This Magnetic Robot Quickly Crawls Up Walls Like a Spider

As if the robot uprising wasn’t inevitable enough, scientists engineered a spider-like bot that can quickly scurry up walls using magnetic feet.

In a study published Dec. 14 in the journal Science Robotics, researchers at Korea Advanced Institute of Science and Technology designed the untethered robot, dubbed M​​agnetically Adhesive Robot for Versatile and Expeditious Locomotion (MARVEL), to be able to crawl around magnetic walls and ceilings—and even around a curved storage tank. The authors claim that the robot is quicker and more agile than its climbing counterparts.

Aside from being another weapon in the robot wars, the bot has the potential to greatly assist industrial workplaces without endangering the health and lives of human workers.

Sequential snapshots of MARVEL climbing on a storage tank.

Kim, Min Su and Hong, Seungwoo and Park, Hae-Won, Mechanical Engineering, Korea Advanced Institute of Science and Technology

“​​[MARVEL] demonstrates the fastest vertical and inverted walking speed while its versatile locomotion ability enables the most number of gaits and locomotion tasks,” the authors wrote.

The robot weighs roughly 18 pounds and is about the size of a shoebox. It uses a unique foot design that incorporates electro-magnets and magnetic elastomers (a fancy term for a stretchy, rubber-like material). This allows it to confidently stick to metal surfaces while bandying about using motors and actuators to control its four legs.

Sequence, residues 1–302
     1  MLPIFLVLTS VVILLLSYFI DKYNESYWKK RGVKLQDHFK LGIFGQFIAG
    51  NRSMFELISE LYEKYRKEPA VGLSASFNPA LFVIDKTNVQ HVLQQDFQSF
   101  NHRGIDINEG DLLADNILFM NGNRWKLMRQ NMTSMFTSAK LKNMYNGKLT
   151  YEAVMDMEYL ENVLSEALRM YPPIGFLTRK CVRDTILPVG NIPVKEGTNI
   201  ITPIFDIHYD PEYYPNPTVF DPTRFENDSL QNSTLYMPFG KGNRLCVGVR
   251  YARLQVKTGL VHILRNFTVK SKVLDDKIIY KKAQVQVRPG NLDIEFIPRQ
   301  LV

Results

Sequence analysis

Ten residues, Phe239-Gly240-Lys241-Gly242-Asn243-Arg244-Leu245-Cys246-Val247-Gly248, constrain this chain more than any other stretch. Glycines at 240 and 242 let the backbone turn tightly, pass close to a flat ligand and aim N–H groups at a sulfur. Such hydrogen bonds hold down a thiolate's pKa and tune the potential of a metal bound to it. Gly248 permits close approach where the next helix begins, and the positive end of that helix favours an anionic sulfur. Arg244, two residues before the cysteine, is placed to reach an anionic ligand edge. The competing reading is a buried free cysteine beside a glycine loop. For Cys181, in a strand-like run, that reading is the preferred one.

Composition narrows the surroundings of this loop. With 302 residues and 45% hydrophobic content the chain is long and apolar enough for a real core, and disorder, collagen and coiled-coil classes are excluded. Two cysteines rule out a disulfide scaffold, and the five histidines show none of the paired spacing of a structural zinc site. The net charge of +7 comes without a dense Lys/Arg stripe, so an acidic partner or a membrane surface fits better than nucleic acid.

In experiments, MARVEL clocked in at 0.7 meters (more than two feet) per second while walking on ceilings, and 0.5 meters (more than one and a half feet) per second while climbing vertically up walls. The robot could also navigate around small obstacles and even move over gaps in the surfaces.

The authors said that MARVEL can also lug around equipment. In experiments, it successfully carried a payload of four pounds up walls, and more than seven pounds when inverted on a ceiling. However, they note that the robot will likely be used to investigate certain areas that might be out of reach for humans.

“MARVEL’s potential application is to investigate industrial sites, such as steel-structured buildings, bridges, ships, or storage tanks,” the study says. “These sites inevitably involve tasks at high altitudes or confined spaces, such as the inspection of steel bridges or shipyard welding platforms, which could be dangerous for human workers.”

The researchers hope to build off of their study with the goal of eventually developing a version that’s completely autonomous and includes actuators and motors designed for “dynamic jumping” at ground level.

So jumping, climbing spider-bots might be a reality in the future. Let’s just hope that robot makers don’t do something completely unthinkable like try and attach a big gun to them.

Source link

Leave a Comment